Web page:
This approximates what happens. It is widely accepted that ethanol blends will increase the volume of evaporative VOCs, which are less reactive (e.g. butane), and decrease the volume of exhaust pipe VOCs, which are more reactive and more toxic (e.g. benzene).

As noted above, ozone is not emitted from a car but is formed by the interaction of various chemicals in the presence of sunlight. These chemicals include nitrogen oxides (NOx) and carbon monoxide (CO). Ethanol blends increase NOx emissions but significantly decrease carbon monoxide emissions. A 10 percent ethanol blend contains 3.5 percent oxygen, which reduces carbon monoxide emissions by 15 percent or more.7 The contribution of carbon monoxide to ozone formation is now widely recognized by among others, the California Air Resources Board (CARB), the EPA and the National Research Council.8

CARB has presented the following table showing the difference in emissions between a hypothetical zero oxygen gasoline that meets RFG standards versus two that meet the same standard but contain increasing proportions of oxygen from ethanol. Two percent oxygen means a 5.7 percent ethanol blend. Three and a half percent oxygen translates into a 10 percent ethanol blend.

Expected Percent Change in Reactivity-
Adjusted Ozone Forming Emissions

Pollutant Zero oxygen 2.0% Oxygen 3.5% Oxygen
NOx -5.4% -2.4% -0.8%
Exhaust Hydrocarbons -1.5% -3.3% -5.7%
Evaporative Hydrocarbons -7.2% -5.0% +2.0%
CO 9 0% 0% -0.2%
Total emissions 10 -3.1% -3.5% -4.5%

As we can see, the reduction in expected ozone forming emissions is modest for all three gasolines, although it is highest for a 10 percent ethanol.

CARB focuses on reducing NOx. But atmospheric scientist Gary Whitten of ICF notes that if the tradeoff of reducing NOx is to increase hydrocarbon and carbon monoxide emissions, the environment would be poorly served. The reason, according to Whitten, is that a reduction in hydrocarbon and carbon monoxide emissions has a much greater beneficial impact on ozone formation than an equivalent reduction in NOx. Whitten concludes, “The effectiveness of THC for reducing ozone in these simulations must be as much as 8 times better than NOx reductions on an equal percentage of the mobile emissions basis.”11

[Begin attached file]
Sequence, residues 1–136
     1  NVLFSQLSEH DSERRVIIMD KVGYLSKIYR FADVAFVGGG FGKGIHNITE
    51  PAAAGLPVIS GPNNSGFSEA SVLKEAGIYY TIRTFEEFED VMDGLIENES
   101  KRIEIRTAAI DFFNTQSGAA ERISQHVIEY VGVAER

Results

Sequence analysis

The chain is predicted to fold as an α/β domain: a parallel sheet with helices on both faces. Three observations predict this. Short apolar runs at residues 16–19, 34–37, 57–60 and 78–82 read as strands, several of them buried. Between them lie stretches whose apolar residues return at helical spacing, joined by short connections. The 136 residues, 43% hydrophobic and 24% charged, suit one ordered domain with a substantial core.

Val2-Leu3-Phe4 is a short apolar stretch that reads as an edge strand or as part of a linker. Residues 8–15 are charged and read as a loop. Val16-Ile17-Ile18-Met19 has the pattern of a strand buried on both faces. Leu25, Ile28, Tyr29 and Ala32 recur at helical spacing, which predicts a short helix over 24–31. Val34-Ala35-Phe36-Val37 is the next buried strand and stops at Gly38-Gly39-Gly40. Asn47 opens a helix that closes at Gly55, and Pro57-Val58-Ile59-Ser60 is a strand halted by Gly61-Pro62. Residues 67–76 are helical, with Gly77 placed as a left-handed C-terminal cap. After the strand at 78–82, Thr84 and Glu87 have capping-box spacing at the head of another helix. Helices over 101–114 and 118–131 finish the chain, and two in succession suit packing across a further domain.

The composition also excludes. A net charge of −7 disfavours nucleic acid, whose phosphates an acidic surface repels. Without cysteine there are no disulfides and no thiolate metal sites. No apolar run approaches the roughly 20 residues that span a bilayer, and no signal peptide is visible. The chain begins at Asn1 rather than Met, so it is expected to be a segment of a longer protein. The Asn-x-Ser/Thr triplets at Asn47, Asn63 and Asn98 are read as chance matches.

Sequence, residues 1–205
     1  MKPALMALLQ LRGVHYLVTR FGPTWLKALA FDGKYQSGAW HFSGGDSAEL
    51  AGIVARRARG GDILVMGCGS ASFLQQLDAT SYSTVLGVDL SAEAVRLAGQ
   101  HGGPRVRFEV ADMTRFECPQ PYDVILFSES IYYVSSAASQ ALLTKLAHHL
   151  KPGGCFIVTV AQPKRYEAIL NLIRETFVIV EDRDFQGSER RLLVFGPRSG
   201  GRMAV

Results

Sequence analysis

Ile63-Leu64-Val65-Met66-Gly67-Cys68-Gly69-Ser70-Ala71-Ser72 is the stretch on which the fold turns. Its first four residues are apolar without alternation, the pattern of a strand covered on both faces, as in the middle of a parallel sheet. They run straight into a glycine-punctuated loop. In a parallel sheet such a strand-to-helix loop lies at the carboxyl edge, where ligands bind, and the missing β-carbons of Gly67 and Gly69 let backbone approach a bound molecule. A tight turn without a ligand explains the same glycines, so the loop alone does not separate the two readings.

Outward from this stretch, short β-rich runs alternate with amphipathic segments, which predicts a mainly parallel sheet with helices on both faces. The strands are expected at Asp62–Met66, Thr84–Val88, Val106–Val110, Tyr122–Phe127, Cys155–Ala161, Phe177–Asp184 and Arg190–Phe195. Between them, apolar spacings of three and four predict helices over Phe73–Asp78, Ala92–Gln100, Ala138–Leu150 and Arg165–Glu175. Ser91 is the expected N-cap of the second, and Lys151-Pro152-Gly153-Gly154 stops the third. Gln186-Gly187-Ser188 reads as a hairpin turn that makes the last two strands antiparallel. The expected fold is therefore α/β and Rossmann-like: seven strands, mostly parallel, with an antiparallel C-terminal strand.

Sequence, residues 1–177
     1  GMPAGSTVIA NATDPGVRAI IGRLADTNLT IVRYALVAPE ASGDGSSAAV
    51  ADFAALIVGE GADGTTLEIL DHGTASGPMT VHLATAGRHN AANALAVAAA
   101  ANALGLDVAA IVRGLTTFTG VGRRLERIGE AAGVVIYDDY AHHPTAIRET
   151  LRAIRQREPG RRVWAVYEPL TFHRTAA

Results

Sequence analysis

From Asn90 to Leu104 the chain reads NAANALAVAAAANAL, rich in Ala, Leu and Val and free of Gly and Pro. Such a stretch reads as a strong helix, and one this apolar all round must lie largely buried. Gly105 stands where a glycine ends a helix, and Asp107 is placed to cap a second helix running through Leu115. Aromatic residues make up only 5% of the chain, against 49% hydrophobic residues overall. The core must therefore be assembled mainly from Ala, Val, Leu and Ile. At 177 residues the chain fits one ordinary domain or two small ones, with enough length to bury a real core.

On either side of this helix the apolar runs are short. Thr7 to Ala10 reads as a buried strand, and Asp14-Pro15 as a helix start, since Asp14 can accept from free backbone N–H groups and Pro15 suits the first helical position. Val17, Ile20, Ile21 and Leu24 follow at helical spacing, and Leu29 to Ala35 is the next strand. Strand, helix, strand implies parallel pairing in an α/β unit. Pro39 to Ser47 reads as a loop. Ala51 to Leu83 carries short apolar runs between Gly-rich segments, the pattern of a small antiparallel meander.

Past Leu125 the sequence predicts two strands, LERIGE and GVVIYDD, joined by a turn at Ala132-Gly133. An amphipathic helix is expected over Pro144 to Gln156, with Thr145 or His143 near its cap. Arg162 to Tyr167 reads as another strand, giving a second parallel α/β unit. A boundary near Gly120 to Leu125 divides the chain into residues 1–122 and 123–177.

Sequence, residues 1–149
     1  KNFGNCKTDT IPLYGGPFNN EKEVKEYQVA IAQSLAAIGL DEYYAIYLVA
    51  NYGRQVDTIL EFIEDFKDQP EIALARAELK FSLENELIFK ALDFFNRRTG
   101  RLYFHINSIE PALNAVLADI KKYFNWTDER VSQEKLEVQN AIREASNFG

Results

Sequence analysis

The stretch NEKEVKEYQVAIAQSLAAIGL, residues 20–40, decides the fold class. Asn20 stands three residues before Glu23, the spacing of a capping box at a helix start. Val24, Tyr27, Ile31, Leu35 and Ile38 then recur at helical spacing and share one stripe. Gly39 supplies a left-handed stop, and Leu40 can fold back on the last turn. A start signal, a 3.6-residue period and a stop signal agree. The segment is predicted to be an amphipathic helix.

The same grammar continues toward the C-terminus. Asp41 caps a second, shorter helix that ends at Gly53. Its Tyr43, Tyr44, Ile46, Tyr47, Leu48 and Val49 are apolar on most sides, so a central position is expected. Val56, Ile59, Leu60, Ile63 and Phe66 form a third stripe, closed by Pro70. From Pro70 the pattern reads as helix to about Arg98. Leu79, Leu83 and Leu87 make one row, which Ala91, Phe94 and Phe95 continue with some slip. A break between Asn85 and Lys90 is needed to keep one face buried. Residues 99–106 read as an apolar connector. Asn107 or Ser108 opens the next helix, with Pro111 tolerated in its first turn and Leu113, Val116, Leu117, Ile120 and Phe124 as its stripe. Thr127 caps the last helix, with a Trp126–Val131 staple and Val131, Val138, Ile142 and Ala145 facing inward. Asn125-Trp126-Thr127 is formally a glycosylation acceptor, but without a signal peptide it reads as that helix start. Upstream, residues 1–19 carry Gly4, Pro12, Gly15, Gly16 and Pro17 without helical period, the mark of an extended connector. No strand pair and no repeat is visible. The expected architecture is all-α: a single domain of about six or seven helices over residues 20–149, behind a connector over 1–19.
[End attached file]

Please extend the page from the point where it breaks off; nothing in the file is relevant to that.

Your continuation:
If MTBE is phased out and ethanol is not used, the alternative is for oil companies to reformulate their gasoline. A reformulated gasoline that contains no oxygenate will often contain higher proportions of aromatic chemicals to achieve sufficient octane ratings. Dr. Michael Graboski of the Colorado School of Mines notes that California’s new fuel standards allow for an increase in aromatics and concludes, “Considering CO effects only, the ozone reduction benefit of using a 3.5% oxygen provided by an ethanol blend with 26% aromatics compared to a non-oxygenated fuel with 34% aromatics is nearly 5%.”

A vigorous debate is going on among scientists as to the precise impact of ethanol blends on ozone formation. For us, the most important aspect of this debate is that the difference of opinion revolves around an astonishingly small impact. Whitten, concluded that a 10 percent ethanol blend resulted in a 0.1 ppb increase in ozone formation compared with an MTBE blend, but that was still some 0.2 ppb less than the peak ozone emissions that would result from using a 100 percent gasoline, non-oxygenated fuel.12 In another analysis, ICF took into account CARB’s projected 5 percent NOx increase and 5 percent VOC decrease from a 10 percent ethanol scenario and concluded that it decreased ozone formation compared to the non oxygenated fuel by 1.0 ppb.

The bottom line is that whichever side one supports, we are talking about an impact that is trivial. Whether ozone concentration levels increase or decrease by one part per billion should not be the determining factor in deciding whether the environmental community and policy makers support ethanol.